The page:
Sunday, June 2, 2013


While I was on TDY with some of my sailors, we were driving from the airport and started talking about finances. Come to find out, one of my sailors had a rough credit report because he had made three late payments before in the past, and wasn't happy that it would take seven years to fall off his credit history. We went back and forth about what was fair. His point of view was that the credit card companies could afford to give him a break, while I argued that had he played by the rules and paid his bills on time, he would have been fine.

'Fair,' in the sense of fair judgement, is defined as 'marked by impartiality and honesty : free from self-interest, prejudice, or favoritism,' which by itself would be pretty vague, although there is the additional definition of 'conforming with the established rules.' What I've noticed is that most people tend to bend the first definition to their will while ignoring the second definition.

I'll give an example. I had an officer at my command that didn't want to complete his warfare qualification (in this case, the Information Dominance Warfare Officer qualification). I tried working with him for a number of months, and while at times he showed some promise and effort, in the end he simply didn't care enough to put the time in and study for his boards. So, he failed, and didn't achieve his qualification. The command ultimately submitted a non-attainment letter to our ISIC, which went on his record. As I found out later, this actually prevented him from entering the reserve force.

So, was it fair? The officer in question would likely say no: he thought the qualification was stupid and not worth his time, and he would argue that the letter destroyed his career. I would argue that we acted in accordance with instructions, and that we prevented the reserves from taking someone with a bad history. 

Another example: I had a sailor that I borrowed from another shop to go and fly for my shop on TDY orders. I thought it was a good deal all around: we needed his skill set, and it got him out from behind a desk. However, he didn't do so well out forward, barely qualified in the time allotted, and in general was a poor performer on the job. So, after we brought him back, when he requested to go out again, I said no. On top of that, he was about 30 hours away from qualifying for his Naval Aircrew Warfare Specialist pin, so my 'no' crushed his chances for that warfare device.

Was that fair? It wasn't an easy decision. On one hand, I wanted to do right by the sailor and give him the maximum opportunity to excel. At the same time, I needed to do right by the taxpayer. Could I justify sending a known poor performer back out again?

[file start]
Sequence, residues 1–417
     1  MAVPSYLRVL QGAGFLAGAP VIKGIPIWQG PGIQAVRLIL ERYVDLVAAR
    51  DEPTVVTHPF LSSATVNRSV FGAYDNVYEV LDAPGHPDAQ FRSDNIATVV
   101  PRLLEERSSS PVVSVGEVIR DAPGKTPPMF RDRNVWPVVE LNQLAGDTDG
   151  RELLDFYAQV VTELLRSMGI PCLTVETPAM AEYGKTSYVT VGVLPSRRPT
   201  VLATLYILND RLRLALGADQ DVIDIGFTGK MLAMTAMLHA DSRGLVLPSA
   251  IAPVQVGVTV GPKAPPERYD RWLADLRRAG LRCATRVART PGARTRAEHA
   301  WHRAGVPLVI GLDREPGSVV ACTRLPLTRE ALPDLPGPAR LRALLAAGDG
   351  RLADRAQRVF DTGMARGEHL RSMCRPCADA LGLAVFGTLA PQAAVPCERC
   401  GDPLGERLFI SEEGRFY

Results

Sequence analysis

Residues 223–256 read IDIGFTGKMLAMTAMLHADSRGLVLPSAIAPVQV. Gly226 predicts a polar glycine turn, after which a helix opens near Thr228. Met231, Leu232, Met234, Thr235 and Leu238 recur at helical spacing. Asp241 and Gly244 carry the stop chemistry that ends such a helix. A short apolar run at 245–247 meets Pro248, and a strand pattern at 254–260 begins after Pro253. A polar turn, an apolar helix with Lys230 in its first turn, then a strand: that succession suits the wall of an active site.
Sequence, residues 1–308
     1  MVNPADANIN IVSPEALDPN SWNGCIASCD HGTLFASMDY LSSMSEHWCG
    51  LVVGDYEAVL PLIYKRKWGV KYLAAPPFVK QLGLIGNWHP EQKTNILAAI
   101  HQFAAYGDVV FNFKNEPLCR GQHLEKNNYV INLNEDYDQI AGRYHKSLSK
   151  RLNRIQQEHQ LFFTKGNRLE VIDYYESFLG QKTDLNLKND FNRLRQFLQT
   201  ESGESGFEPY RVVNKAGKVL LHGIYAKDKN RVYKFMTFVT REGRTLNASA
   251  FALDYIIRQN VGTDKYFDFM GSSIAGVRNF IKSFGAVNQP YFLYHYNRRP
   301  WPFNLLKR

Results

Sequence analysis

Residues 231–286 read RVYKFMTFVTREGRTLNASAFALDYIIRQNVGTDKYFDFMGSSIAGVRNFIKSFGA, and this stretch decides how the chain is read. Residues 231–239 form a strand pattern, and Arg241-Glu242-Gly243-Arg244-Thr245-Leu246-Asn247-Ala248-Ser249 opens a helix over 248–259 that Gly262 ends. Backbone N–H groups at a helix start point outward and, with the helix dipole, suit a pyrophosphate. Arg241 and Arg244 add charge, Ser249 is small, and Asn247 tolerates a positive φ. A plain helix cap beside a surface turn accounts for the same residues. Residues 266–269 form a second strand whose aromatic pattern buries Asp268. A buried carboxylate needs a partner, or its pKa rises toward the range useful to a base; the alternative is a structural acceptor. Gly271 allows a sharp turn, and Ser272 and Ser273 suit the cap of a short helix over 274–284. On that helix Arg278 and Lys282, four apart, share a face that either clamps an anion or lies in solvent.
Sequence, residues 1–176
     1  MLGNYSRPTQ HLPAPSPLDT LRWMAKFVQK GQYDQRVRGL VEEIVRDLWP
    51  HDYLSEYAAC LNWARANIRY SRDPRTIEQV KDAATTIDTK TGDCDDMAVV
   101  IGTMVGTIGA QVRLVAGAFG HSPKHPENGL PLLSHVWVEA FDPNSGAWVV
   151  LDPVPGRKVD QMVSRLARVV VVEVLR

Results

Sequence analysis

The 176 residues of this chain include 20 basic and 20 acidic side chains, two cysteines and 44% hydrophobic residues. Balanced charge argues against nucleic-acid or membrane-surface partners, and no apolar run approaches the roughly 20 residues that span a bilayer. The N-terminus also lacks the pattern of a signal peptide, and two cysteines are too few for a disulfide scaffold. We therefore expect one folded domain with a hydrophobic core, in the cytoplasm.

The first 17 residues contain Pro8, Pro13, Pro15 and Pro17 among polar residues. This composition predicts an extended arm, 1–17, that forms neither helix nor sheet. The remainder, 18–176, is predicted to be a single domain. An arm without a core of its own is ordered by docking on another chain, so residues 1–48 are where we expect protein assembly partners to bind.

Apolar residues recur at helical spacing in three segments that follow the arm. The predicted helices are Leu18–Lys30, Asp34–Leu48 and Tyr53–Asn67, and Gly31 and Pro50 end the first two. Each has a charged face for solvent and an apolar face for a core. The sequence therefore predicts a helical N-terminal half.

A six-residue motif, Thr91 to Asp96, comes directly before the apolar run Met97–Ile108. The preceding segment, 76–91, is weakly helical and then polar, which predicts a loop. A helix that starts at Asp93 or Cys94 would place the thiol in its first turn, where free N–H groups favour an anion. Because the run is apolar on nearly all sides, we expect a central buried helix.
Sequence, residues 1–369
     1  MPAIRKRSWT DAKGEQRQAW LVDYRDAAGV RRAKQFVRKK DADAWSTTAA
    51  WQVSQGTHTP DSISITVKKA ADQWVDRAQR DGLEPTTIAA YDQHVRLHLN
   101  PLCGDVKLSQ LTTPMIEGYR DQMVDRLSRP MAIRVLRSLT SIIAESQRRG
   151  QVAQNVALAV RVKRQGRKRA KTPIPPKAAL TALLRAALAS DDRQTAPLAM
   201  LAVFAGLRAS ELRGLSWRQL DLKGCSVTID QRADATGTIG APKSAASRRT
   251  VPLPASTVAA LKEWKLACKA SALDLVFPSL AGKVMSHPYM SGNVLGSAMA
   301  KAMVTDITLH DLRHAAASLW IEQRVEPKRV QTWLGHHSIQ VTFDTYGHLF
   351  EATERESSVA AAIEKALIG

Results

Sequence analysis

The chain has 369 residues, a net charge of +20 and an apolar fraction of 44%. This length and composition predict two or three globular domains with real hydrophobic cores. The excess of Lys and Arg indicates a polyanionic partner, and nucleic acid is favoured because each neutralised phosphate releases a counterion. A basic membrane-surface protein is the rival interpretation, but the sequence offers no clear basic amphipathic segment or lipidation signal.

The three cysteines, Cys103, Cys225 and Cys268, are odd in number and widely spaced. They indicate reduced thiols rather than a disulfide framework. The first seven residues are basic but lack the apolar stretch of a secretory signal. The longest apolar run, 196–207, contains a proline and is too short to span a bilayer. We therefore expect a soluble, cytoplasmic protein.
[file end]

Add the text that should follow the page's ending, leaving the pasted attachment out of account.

In the end, I weighed all the evidence. My shop had given him a golden opportunity to do something many sailors don't get: to fly as a Naval Aircrewman. He blew that opportunity by not trying hard enough while deployed. Every supervisor told me he was not a good candidate to continue, as well as his peers that I talked to. I had no indications that he would do better, so I made the call and moved on. Likely he thought it was unfair from his point of view, but I think I was more than fair.

I've found a few ways to deal with the fairness debate:

1. Counsel often. Get into a habit of quarterly counseling (monthly won't work when you have a big division). I had a hard time at first counseling people, mainly because I simply waited until they messed up big time to then hammer them. That method, while in the short term is effective, means that you get to have uncomfortable conversations all the time, rather than focusing on building excellence. Quarterly counseling allows you the chance to talk to subordinates and lay out your expectations, and it gets them used to talking to you on a routine basis. It will likely nip problems in the bud sooner, and when it doesn't, you'll have documentation of ongoing issues.

2. Make sure your instructions are up to date. I'm shocked how many command instructions are antiquated, despite being "reviewed" every year. Take the time to make your command instructions match reality. Put in what you want and need to operate, not what you think sounds nice.

3. Use your division's SORM. If you haven't written a SORM for your division, you're missing the opportunity to lay out your expectations of how things run. For example, once I wrote what working hours were for unqualified vs. qualified personnel, my unqualified sailors began making more progress on qualifications, a win-win for both sides.

4. Remember that fairness involves the Navy and taxpayer too. Don't screw the Navy and our taxpayers by letting little things slide because of a sob-story from one of your sailors. There are second-order effects at play. For every sailor that cries his or her way out of a rule being enforced, you tell your other sailors it's OK to do that, and you likely pass the problems onto the next division officer or command. Enforcing rules doesn't make you un-human, rather, it helps you keep good order and discipline.